10 Key Clauses In Commercial Contracts You Should Know About
Commercial contracts include many aspects that can be difficult to understand. However, there are ten key clauses that you should be aware of when forming an agreement.
Clauses are necessary to protect your company when entering an arrangement, but they are often confusing. Understanding all the aspects of a commercial contract is usually a daunting task; that’s why it is advisable to be aware of at least ten key clauses.
What is a commercial contract?
A commercial contract is a legally binding arrangement between two individuals or companies in commerce. Negotiating commercial contracts is necessary when businesses form partnerships, hire new employees, or bring in new customers.
Commercial contract clauses explain the parties’ legal obligations in detail. Both individuals must follow them for the agreement to remain valid. Additionally, there are consequences for failing to comply with all of the terms and agreements.
Ten essential commercial contract clauses
If a contract does not contain an assignment clause, individuals may assign their rights to a third party. This default position leaves both parties vulnerable to having the arrangement given to another individual without the signer’s consent.
When two companies enter a partnership, they will inevitably exchange a significant amount of personal information. This is why it’s imperative to include a confidentiality clause that requires both parties to protect each other’s information.
Even the strongest business partnerships are prone to disagreements. This is why it’s essential to have a dispute resolution clause that clarifies what each party is to do when an issue arises. Common terms of dispute resolution clauses include an arbitrator or legal recourse.
Having an entire agreement clause ensures that the signed agreement contains all the terms, and nobody can add outside sources. Without it, stakeholders can be responsible for provisions not included in the final arrangement.
Exclusion of Liability
An exclusion clause in a commercial contract will limit the liability of the involved companies. However, this clause is subject to a reasonableness test, which holds a company liable if they are negligent, breach the contract’s terms, or misrepresent their product.
The “greater force” clause protects individuals affected by events outside of their control from being held to the agreement terms. Force majeure events include; natural disasters, strikes, riots, terrorist activity, or fires.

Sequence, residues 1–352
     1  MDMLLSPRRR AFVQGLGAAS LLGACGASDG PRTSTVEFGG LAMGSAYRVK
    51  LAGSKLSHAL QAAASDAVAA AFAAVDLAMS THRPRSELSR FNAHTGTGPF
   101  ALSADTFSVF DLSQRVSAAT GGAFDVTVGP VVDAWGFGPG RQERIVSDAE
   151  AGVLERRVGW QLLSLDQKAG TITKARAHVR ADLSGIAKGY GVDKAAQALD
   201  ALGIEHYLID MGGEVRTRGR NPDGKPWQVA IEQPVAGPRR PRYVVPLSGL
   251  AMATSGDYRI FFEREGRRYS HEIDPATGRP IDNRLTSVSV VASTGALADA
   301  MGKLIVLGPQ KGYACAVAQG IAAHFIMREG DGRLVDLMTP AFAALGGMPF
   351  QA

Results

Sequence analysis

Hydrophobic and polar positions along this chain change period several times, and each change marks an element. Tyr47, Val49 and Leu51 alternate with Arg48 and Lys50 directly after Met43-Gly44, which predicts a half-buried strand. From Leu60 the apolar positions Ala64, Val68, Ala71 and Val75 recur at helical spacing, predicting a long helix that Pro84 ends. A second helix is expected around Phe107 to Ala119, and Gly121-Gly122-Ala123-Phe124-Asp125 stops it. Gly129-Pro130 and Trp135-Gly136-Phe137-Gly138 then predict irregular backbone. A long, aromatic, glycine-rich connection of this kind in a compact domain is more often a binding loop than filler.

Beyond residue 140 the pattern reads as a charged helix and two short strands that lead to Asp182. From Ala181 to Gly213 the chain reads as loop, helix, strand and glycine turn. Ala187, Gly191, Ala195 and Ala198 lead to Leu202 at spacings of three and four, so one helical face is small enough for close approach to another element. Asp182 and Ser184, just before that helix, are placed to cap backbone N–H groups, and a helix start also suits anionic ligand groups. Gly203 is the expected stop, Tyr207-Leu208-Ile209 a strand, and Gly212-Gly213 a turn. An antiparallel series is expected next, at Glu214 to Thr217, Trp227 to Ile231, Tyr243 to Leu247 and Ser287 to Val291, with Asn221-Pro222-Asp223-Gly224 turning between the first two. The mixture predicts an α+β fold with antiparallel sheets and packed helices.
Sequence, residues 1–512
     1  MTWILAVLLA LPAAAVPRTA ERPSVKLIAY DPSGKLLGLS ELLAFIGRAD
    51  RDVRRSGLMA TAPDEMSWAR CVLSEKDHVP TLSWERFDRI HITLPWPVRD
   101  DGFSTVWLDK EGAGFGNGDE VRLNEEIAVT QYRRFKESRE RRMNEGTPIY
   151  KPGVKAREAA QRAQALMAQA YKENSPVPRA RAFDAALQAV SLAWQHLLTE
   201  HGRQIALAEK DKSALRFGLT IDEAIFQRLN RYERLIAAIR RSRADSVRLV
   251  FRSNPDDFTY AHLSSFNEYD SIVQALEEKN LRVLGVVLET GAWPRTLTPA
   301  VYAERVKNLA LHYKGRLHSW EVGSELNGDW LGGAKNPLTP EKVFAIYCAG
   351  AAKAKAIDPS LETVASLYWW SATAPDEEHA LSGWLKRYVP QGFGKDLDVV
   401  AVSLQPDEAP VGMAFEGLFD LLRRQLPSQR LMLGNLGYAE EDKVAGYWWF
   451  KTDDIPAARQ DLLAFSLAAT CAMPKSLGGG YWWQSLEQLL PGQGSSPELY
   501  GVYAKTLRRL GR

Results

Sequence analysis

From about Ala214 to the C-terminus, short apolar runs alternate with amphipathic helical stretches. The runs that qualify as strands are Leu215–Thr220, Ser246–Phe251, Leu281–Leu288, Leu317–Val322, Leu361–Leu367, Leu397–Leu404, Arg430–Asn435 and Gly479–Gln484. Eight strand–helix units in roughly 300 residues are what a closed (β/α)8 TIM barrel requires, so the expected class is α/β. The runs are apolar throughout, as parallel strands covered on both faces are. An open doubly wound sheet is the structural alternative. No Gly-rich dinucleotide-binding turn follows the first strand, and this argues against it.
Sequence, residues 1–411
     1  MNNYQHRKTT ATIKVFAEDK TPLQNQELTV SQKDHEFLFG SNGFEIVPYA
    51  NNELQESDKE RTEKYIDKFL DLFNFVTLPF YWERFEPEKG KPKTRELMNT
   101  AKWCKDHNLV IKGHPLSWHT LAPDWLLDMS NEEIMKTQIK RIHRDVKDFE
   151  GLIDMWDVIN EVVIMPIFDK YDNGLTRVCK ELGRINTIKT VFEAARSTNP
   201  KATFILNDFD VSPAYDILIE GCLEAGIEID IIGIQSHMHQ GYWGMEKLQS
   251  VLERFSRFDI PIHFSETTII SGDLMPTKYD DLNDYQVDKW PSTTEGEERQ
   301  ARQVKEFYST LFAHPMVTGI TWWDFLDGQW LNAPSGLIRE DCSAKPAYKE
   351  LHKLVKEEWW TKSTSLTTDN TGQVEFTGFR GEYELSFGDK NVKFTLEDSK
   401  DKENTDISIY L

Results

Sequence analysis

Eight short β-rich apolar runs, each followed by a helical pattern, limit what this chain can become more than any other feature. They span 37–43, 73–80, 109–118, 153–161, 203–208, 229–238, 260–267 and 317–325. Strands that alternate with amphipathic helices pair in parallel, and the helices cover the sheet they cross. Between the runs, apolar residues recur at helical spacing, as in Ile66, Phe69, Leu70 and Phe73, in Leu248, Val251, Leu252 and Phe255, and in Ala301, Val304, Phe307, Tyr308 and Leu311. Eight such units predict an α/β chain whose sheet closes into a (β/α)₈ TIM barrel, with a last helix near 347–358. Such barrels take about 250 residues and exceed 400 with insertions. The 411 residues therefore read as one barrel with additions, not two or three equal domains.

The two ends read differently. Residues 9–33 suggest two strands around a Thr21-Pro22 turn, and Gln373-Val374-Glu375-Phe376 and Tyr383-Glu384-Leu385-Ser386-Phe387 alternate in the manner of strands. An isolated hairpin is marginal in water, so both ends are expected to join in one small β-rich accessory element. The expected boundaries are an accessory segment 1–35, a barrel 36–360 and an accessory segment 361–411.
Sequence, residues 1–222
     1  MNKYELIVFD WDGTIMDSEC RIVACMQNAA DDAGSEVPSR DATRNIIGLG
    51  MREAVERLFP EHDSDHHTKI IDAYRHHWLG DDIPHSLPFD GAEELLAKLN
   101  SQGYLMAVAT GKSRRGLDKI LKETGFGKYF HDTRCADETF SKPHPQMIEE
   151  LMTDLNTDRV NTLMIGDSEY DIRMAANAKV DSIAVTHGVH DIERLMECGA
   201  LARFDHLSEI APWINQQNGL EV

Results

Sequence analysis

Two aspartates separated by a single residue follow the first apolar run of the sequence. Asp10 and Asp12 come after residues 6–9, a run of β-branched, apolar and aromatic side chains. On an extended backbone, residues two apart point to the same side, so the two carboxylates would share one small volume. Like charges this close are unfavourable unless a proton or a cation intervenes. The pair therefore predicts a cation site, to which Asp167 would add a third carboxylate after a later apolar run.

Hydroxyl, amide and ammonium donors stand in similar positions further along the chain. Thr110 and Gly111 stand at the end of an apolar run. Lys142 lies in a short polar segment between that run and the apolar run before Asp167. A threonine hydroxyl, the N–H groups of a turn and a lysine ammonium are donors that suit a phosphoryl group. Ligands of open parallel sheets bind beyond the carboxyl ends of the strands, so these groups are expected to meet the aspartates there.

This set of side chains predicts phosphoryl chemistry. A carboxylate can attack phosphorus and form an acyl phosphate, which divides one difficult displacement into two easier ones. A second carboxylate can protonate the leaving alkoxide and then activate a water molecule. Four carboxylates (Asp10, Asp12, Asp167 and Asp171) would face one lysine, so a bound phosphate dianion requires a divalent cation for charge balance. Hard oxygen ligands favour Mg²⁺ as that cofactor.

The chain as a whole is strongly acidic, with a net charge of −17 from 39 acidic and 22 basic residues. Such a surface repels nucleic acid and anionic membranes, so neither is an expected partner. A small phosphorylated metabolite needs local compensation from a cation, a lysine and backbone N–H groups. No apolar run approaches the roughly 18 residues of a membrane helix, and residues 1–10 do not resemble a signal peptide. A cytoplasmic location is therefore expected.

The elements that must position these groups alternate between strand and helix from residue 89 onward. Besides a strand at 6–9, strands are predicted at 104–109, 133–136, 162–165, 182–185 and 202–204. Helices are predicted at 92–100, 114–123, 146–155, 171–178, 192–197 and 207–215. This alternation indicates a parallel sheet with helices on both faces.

Today, business relationships are common across states and internationally. A commercial contract specifies which court has jurisdiction if a dispute that requires legal action occurs. That way, both parties are clear on what laws apply.
To prevent agreement terms from being breached, many commercial contracts contain clauses about damages. A liquidated damages clause states the amount that the side that violates the agreement owes the other.
No Partnership or Agency
Many commercial contracts contain a provision that states the relationship between the individual entities is not a partnership or agency. This provision is necessary because both partnerships and agencies may arise without the individuals’ knowledge, causing legal and tax obligations.
Plans often fall through when businesses form relationships, so individuals must have the ability to terminate the arrangement as necessary. A termination trigger clause lays out the circumstances where one or both parties may be released from the contract’s liability.
These ten clauses are vital to protect your company’s rights when entering an agreement with another party. Without them, the other stakeholder could take unideal actions, and there would be no repercussions or payback. It’s critical to make terms and conditions crystal clear in the final written contract to prevent this.
How can commercial contract management software help to reduce clause risks and errors?
Commercial contract management systems can reduce clause risks and errors by:
- Planning processes
Without planning, crucial components of contracts are forgotten. Commercial contract management systems help plan which clauses you want to include in your agreement. The software gives you the ability to create a dynamic to-do list to be sure that every essential element is added.
- Automating workflow
Drafting provisions is far more manageable when the processes are automated. Commercial contract management software offers many features that make the contract stages straightforward, such as templates, task allocation, auto-filling, and more.
- Increasing contract visibility
It’s much easier to avoid risks and make beneficial business decisions when you have visibility into your contract. A reliable software system gives you helpful data insights that you can save, export, and share with stakeholders so you can craft the best possible provisions.